Such expansions have allowed for more students — particularly female students — to gain mainstage experience. However, such expansions are not always the case. The play, “Oresteia” directed by professor Richard Palmer, included three female roles. Queen Clytemnestra, the lead female character in the production, was played by male theatre professor Francis Tanglao-Aguas. Tanglao-Aguas said he recognized that this took a part away from female students trying to be cast on the mainstage, but believed that there were benefits to him playing that part in place of a female student.

“I just played Queen Clytemnestra in The Oresteia directed by [professor] Palmer,” Tanglao-Aguas said in an email. “(Now I know that took a role from a woman student but the director took the opportunity cost to provide the students the experience of having them act with a professional actor. In turn, I hope they saw how I took risks in crafting the role, where I also made mistakes in front of them without being ashamed etc. It had been more than 30 years since a male faculty did a female role so it is not done that often.)”

Next semester, male students will be able to audition for more roles than their female counterparts. One of next semester’s mainstage plays, “Asuncion,” has a single female character that has been set aside for an Asian female student. This designation for diverse casting and messages about diversity in the play reflect the theatre, speech and dance department’s consideration about racial and ethnic diversity on campus. But overall, a number of women auditioning for next semester’s productions could be competing for just a handful of spots.

“I think what it really comes down to, that in terms of the canon and playwriting and finding good plays to produce — there just aren’t that many roles for women,” Duerr said.

“We as a [department] are very conscientious about the fact that we have more women in the casting pool so we try to strike a balance,” Tanglao-Aguas said in an e-mail. “It is not often that a play [only] needs three white men and one Asian woman (Filipino) but we do it [because] in the balance there are opportunities allowed by the play not done by other plays.”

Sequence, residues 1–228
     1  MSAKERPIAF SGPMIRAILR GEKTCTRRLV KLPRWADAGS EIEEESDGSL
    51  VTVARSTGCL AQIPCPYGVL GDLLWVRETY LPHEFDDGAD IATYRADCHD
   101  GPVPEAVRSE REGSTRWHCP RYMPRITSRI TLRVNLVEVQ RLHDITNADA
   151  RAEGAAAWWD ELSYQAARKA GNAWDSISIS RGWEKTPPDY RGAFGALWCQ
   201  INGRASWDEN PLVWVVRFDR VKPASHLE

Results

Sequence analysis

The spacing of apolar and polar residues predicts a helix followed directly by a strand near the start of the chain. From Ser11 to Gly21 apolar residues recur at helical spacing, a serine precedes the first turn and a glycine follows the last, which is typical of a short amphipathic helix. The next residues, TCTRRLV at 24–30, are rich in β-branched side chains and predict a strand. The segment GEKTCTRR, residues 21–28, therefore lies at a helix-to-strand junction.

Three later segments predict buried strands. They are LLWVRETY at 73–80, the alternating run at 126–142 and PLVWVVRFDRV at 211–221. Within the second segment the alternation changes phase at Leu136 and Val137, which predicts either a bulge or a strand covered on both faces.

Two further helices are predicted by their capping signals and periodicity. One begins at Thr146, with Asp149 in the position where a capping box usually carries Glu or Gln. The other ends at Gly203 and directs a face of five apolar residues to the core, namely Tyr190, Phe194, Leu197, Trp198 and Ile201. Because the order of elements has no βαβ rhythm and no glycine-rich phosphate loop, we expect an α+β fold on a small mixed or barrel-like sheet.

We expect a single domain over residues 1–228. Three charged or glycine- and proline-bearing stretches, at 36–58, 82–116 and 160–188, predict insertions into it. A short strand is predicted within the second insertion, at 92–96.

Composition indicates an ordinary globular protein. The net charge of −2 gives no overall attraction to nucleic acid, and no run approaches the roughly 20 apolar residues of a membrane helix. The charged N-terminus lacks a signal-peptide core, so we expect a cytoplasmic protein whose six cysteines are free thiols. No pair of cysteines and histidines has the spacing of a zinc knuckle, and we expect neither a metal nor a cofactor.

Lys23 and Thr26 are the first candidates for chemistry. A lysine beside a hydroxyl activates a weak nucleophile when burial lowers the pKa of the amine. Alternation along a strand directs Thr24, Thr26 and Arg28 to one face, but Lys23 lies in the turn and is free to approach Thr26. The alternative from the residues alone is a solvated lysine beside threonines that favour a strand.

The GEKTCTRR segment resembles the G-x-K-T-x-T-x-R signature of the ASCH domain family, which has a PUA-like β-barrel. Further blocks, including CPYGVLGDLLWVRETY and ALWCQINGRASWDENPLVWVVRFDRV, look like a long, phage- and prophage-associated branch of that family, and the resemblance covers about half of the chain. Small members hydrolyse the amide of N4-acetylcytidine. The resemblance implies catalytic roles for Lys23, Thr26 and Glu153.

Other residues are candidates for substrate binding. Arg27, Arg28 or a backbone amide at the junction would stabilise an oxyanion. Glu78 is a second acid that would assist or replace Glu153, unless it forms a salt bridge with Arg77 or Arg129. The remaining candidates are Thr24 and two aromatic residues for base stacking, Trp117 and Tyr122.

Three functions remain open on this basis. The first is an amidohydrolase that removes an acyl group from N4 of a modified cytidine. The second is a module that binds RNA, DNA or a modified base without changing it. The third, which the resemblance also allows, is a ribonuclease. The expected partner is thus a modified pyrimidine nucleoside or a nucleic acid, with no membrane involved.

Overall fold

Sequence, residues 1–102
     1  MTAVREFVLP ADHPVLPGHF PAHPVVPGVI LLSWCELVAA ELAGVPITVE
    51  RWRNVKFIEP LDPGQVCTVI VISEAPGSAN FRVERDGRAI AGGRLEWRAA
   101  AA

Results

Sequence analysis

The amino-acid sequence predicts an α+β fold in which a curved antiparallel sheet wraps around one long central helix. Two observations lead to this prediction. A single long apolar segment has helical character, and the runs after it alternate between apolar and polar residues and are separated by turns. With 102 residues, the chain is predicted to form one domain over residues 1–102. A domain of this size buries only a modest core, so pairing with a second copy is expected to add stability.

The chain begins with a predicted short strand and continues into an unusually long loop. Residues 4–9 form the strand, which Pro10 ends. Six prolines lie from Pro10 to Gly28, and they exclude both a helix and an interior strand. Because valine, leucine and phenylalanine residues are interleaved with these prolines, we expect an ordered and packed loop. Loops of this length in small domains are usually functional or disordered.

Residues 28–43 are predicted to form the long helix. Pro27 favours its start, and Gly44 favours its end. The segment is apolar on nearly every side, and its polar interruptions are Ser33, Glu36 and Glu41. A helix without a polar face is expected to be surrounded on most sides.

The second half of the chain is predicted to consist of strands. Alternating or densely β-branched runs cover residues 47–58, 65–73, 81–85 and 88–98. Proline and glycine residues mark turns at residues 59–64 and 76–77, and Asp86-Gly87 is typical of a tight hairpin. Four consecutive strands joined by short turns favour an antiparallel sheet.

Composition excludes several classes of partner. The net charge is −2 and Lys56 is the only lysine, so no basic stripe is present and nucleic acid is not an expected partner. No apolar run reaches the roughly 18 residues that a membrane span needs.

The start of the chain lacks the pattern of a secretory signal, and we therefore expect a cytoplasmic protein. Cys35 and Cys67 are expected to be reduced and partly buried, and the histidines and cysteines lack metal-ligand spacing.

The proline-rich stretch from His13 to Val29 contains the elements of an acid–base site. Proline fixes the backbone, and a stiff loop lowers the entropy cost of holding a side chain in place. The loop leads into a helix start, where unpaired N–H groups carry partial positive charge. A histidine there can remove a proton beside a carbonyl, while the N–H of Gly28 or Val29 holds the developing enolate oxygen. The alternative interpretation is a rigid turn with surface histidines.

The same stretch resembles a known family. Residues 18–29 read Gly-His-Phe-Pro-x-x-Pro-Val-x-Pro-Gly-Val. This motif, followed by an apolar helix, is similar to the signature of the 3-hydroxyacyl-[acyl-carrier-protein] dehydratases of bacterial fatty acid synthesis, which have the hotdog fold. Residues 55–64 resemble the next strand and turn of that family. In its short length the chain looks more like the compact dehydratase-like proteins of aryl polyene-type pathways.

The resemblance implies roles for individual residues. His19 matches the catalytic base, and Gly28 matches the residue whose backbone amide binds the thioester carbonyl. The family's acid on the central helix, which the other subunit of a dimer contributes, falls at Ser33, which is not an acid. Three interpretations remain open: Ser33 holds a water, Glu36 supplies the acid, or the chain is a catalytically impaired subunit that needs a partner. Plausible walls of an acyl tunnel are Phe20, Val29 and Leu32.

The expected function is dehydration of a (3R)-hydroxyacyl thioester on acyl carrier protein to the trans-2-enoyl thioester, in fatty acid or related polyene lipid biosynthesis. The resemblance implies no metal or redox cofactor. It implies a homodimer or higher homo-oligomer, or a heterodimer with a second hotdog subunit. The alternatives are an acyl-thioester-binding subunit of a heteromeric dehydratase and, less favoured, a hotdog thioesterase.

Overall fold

The fewer number of female characters in productions goes beyond the College’s theatre, speech and dance department, according to Duerr. She notes that “Top Girls” was an exception, that there tend to be more interesting roles for men in theatre plays, which may explain why the department often ends up choosing plays with more male characters than female.

“I think what it really comes down to, that in terms of the canon and playwriting and finding good plays to produce — there just aren’t that many roles for women,” Duerr said.

Owens stressed that the faculty has tried to move away from a more director-centric play selection process, and more prominently consider the three “constituencies” of the faculty, students and audience when selecting plays, among other factors, such as variety of roles. He cited that in addition, directing a mainstage production is a professor’s research.

Yet with a student body consisting of a number of ambitious and talented actresses, lack of many interesting female characters and roles offered could affect their chances of being cast, especially in the spring mainstage productions. Wenk noted the potential helplessness that female students trying to be cast in a mainstage production face.

“If you’re a little bit of an unconventional actress and the parts aren’t there and we’re not picking plays that have strong female casts, then what can you really do?” Wenk said.

However, students laud the supportiveness and progress-oriented nature of the theatre, speech and dance department, and are optimistic about the future.

“Theatre’s always progressing, our department is always progressing,” Duerr said. “I don’t think it’s going to be like this forever. I know that our faculty is looking out for us and I know they don’t want it to be like this.”